• Mr. Sayer touted recent FDA 510(k) clearances – the “Pro Q” professional G6 CGM and the G6 Glucose Program (real-time iCGM for non-intensive diabetes management) – and their potential to drive outcomes in type 2 diabetes, not to mention lower cost (he said the average type 2 costs payers ~$17,000 per year). Dexcom is currently running a number of pilots in non-intensive type 2 diabetes where patients are given a sensor, asked to track exercise and meals, and receive coaching (depending on disease severity). Management reports that the most important thing to commercial payers is to reduce drug cost; to keep patients from taking the next most expensive compound or show that one isn’t working and should therefore be stopped. Cost may prohibit type 2s from wearing CGM all the time in the near-term, but Dexcom’s goal with the non-intensive diabetes management program (and other efforts with Onduo and UHC) is to assess disease state, assign a wearable sensor, teach skills, optimize medication, and compile data. Mr. Sayer called this application “programmatic,” rather than real-time. For example, for a patient going on an oral diabetes drug that costs $400 per month, “wouldn’t it be nice to know that it works? Would it be reasonable to know if highs are being eliminated if you wear CGM for two weeks? Once the drugs work, education can make you healthier.” As far as education goes, Mr. Sayer noted that Dexcom’s program gives patients information – e.g., “Take your medication at the same time each day” – whereby they can make gains in their glycemic management.

    • Mr. Sayer noted that there are 27 million type 2s in the US, so even if each gets one sensor at any price point, there’s a large opportunity for Dexcom to sell “millions and millions” of sensors. Some will benefit from a single two-week, retrospective sensor, he said; others will want to wear 2-4 sensors to learn over the course of 2-4 months, and have periodic CGM checkups moving forward; and in the extreme cases, some type 2 patients may benefit most from full-time CGM. No matter the mix, Mr. Sayer sees “numerous sales and volume opportunities” in this large, heterogeneous population – part of it depends on the zeroing in on models that best meet payer expectations for cost.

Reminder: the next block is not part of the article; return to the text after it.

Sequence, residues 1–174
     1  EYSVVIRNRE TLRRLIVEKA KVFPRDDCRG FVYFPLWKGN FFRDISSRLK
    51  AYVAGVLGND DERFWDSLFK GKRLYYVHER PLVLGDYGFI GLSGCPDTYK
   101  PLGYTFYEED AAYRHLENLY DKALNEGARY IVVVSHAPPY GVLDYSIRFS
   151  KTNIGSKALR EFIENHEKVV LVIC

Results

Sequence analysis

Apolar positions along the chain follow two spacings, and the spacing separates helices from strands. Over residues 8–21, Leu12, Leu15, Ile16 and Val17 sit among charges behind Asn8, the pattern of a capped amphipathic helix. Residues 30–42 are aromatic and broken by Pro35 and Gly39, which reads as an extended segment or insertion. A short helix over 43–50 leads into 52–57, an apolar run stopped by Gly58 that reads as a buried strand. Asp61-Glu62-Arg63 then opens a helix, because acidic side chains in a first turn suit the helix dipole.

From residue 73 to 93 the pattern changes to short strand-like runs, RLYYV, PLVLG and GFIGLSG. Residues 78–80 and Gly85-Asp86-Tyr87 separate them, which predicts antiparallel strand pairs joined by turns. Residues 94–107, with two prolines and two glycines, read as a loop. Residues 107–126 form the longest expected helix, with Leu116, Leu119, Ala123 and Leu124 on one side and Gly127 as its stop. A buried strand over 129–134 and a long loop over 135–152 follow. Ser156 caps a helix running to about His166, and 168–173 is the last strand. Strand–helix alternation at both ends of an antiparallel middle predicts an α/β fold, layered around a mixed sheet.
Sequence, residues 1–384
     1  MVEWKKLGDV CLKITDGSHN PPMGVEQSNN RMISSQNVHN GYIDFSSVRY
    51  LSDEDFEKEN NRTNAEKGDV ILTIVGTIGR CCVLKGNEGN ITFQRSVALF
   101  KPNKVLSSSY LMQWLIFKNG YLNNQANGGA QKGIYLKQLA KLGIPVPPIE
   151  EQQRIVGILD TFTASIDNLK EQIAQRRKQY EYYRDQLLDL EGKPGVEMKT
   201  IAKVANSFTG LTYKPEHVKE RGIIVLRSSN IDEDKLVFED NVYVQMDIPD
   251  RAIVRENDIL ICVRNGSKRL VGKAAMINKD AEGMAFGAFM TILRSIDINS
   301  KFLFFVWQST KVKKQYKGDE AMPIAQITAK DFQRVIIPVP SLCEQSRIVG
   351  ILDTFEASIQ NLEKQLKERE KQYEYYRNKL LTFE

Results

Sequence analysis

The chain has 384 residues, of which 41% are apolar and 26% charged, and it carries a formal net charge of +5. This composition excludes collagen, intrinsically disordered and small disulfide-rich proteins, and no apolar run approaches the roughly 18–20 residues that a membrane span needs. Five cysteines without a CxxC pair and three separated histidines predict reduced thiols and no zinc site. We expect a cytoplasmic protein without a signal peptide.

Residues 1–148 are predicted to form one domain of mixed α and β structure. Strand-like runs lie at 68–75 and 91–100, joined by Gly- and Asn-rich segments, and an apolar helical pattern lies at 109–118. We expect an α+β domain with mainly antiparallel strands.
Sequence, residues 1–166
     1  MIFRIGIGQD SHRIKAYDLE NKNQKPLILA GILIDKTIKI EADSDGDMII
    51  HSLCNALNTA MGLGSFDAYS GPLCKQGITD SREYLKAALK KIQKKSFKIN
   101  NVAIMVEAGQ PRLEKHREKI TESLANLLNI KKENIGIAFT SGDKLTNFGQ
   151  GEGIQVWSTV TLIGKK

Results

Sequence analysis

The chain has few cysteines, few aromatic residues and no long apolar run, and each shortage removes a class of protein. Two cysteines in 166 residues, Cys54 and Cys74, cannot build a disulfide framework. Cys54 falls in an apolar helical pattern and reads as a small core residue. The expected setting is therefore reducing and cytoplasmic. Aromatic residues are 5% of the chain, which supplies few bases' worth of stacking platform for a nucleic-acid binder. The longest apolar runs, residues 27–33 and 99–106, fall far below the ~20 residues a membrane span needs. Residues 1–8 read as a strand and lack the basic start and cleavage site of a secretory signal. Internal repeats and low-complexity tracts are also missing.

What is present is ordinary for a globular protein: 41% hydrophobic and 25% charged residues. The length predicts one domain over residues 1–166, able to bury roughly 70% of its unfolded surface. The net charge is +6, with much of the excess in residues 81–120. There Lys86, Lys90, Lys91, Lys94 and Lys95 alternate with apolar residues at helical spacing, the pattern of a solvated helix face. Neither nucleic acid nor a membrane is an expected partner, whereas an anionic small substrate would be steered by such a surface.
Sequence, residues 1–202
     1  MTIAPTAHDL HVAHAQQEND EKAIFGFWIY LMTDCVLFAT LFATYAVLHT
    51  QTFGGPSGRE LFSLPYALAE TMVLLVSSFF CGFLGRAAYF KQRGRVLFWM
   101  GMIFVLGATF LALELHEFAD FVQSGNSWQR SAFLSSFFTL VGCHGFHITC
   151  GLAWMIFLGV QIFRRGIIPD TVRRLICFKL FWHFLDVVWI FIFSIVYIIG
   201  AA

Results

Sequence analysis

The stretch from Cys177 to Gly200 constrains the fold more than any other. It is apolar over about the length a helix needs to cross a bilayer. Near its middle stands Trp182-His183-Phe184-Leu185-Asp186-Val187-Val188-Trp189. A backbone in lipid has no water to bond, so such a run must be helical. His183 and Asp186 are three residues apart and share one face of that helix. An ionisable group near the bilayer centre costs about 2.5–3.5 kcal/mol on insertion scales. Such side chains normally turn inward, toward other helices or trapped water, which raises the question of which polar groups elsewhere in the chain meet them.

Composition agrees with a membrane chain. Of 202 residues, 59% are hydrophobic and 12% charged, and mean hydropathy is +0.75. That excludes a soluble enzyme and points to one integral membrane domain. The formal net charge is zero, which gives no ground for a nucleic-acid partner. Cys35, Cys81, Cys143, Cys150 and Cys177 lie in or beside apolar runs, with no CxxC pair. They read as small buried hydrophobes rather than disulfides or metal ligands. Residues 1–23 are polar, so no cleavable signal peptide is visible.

• Dexcom remains open to strategic partnerships, joint ventures, and acquisition, particularly around developing software for type 2 diabetes. Beyond Verily work on the hardware, it has the pilot in type 2 diabetes with Fitbit/UnitedHealthcare, the work with Onduo (Sanofi/Verily), and possibly other efforts.

    • We loved Mr. Doubleday’s rebuke of an assertion in Q&A that “we all know type 2s are not the most motivated”: “In the past, they were given a fingerstick device, and they took a fasting glucose in the morning, and it was always good. CGM, when you talk about motivation, is the first tool that’s ever given them the insight. What happens when they take medications, exercise, eat – the number isn’t a stick, it’s actually insight! We’re seeing that with CGM, they’re really motivated!”

  • Dexcom is planning at least three hospital studies in 2019. Management didn’t give granularity on setting, though the below slide mentioned potential applications in pre-admission, inpatient (where hypoglycemia increases cost of a hospitalization by $20,000!), and post-discharge. In addition, a prior slide listed surgery (CV/ortho), pre- to post-op, and ICU as hospital opportunities. The literature shows there’s a clear opportunity for tremendously improved outcomes and cost-savings around procedures and hospital stays that can be easily complicated by hyperglycemia and hypoglycemia. We wonder which pathway(s) Dexcom will use as an entry point into the hospital setting; presumably the team has targeted a high-risk setting where cost-savings are most probable, as that could get the technology early traction and awareness, which could then expand to other hospital applications. Read Adam’s recent hospital experience with CGM; the article has been viewed over 15,000 times, and we’ve received hundreds of emails similarly emphasizing the huge need for CGM to move into the hospital. We could not agree more – regrettably, the NICE-SUGAR study was ahead of its time.

  • Up to three studies are planned for gestational diabetes (GDM) in 2019. It’s not clear if these trials will be limited to people with GDM, include pregnancies of people with diabetes, or both. Either way, we’re elated to see a focus here, if for no other reason than the stat on the right side of the below slide: a mother who has had GDM has a 5x risk of developing type 2 diabetes within five years! Considering there is also a far higher probability that the child of a GDM pregnancy will develop type 2 diabetes, pregnancy is a prime target for prevention. At AADE, NIDDK’s Dr. Judy Fradkin underscored NIH’s interest in using CGM to understand: (i) when in the course of pregnancy glucose levels become elevated; (ii) whether earlier diagnosis and treatment would prevent metabolic sequela in mother and offspring; and (iii) the best treatment options.